I love refined sugar, but absolute loath sugarcane. In Africa you’d see sugarcane being sold in its long thin bamboo shaped form along the golden dusty roadside. You’d order some sticks, cut off the bamboo skin and chew the insides, supposedly enjoying the juicy sucrose before spitting out the remains. I hated it.
Furthermore, I’m uncomfortable with the role of sugarcane plantations in history. As a youngster, one particular image always stuck with me. It was an old drawing of Nubian slaves, chained at the waist, with two long poles on either side of their heads in a single file. What struck me most was the terrified look on the slaves eyes who had holes drilled through their upper and lower lips and padlock inserted through. I was informed by someone that the lips had been padlocked to prevent the slaves from eating the sugarcane on the plantations.
Whether this image was a caricature or not I still rank sugarcane plantations amongst some of the worst excesses of mankind. I fear those excesses, involving slave labour and the flagrant abuse of human rights will re-emerge through a modern day South American ‘sugar-rush’.
In 2007 Bloomberg TV aired a programme called “Deadly Brew- The Human Toll of Ethanol”. Unfortunately the programme seemed like blatant propaganda by an unscrupulous American business network in the pay of the Oil Companies. As such, some of the more salient points involving the human cost of South American Ethanol were lost in translation. The entire focus of the documentary was on Brazil’s Ethanol industry.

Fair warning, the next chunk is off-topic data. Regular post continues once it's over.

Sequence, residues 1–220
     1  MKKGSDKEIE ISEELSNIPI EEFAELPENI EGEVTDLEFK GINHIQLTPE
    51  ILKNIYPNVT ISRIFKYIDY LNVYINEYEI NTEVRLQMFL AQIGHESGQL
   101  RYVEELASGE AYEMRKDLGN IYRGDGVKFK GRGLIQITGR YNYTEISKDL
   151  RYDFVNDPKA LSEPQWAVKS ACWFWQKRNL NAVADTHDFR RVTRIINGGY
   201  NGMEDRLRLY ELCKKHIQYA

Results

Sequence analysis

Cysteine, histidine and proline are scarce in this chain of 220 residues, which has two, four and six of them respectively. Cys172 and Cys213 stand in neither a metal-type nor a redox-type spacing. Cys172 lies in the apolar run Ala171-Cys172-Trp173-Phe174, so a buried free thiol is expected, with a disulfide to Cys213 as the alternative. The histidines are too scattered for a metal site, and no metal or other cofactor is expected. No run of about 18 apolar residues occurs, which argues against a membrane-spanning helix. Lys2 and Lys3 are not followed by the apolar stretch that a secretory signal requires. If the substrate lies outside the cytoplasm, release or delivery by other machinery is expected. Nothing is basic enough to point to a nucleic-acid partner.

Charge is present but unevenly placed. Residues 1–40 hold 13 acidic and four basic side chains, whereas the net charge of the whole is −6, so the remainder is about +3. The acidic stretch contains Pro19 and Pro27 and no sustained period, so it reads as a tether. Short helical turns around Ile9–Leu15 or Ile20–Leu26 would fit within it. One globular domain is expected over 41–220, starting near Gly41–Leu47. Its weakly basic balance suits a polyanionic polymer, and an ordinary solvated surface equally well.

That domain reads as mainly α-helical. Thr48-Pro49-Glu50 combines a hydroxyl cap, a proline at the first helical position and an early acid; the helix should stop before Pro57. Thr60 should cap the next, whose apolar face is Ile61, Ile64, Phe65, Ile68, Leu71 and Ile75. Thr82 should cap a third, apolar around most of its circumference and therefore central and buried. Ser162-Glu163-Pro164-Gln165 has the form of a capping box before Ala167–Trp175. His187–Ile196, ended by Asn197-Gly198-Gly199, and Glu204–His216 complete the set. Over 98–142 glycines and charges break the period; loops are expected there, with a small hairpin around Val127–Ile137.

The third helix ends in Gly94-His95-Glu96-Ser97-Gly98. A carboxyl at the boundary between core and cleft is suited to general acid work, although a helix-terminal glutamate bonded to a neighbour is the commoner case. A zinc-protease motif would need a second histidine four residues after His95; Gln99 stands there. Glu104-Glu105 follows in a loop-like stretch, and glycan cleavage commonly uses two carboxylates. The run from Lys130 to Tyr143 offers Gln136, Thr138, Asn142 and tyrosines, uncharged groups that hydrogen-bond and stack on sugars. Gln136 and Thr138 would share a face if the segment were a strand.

Brazil is at the forefront of sugarcane Ethanol production. It has the land, raw material and expertise. Its delegates at COP 15 are on the hard sell, and claim ‘Biofuels are the only real alternative to fossil fuels’. Brazil is reputed to have reduced CO2 emissions by some 800 tons over 30 years. Furthermore practically all cars in Brazil run on Biofuel.
Brazilian former Grand Prix and IndyCar favourite Emerson Fittipaldi is a great proponent of Ethanol; he’s also heavily invested in the industry. People such as Steve Case, Co founder of AOL and Vinod Khosla founder of Sun Microsystems have invested in Brazils’ Ethanol industry (Brenco) since 2006.
Lula da Silva is an Ethanol evangelist claiming “Biofuels are the effective weapon in the fight against global warming”. Yet, things are never that simple when one is trying to combine the needs of the climate lobby with the expressed needs capitalism.
If the current amount of land in Brazil dedicated to Ethanol is about 4%, should it double or triple in future, it will also require fertilizers to grow more sugarcane for production. Unless the Nitrogen needed in the fertilizer is also produced in carbon free industries the whole purpose is of Carbon reduction will itself be reduced to profit making.
If singular profit motives override the plural purpose of CO2 reduction, then we are all back we started. The harsh realities of Ethanol production will be kept as secret from the public as the location of your local Chinese sweat-shop.
So, despite a clamour for Biofuels, I would welcome a sporadic and limited introduction of Ethanol in motorsports, before gradually moving onto mobility at large. If COP 15 gets involved, it should impose regulatory safe guards, and not simply give in to Brazilian interests. Otherwise, we could all end up directly or indirectly on a sugarcane plantation.